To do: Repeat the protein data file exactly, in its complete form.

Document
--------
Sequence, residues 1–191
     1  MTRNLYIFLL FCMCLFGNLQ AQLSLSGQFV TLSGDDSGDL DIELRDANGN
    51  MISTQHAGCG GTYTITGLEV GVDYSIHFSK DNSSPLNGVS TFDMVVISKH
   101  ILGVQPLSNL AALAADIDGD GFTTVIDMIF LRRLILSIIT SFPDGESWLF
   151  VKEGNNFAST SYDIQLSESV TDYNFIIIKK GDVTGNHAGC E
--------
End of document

Sequence, residues 1–191
     1  MTRNLYIFLL FCMCLFGNLQ AQLSLSGQFV TLSGDDSGDL DIELRDANGN
    51  MISTQHAGCG GTYTITGLEV GVDYSIHFSK DNSSPLNGVS TFDMVVISKH
   101  ILGVQPLSNL AALAADIDGD GFTTVIDMIF LRRLILSIIT SFPDGESWLF
   151  VKEGNNFAST SYDIQLSESV TDYNFIIIKK GDVTGNHAGC E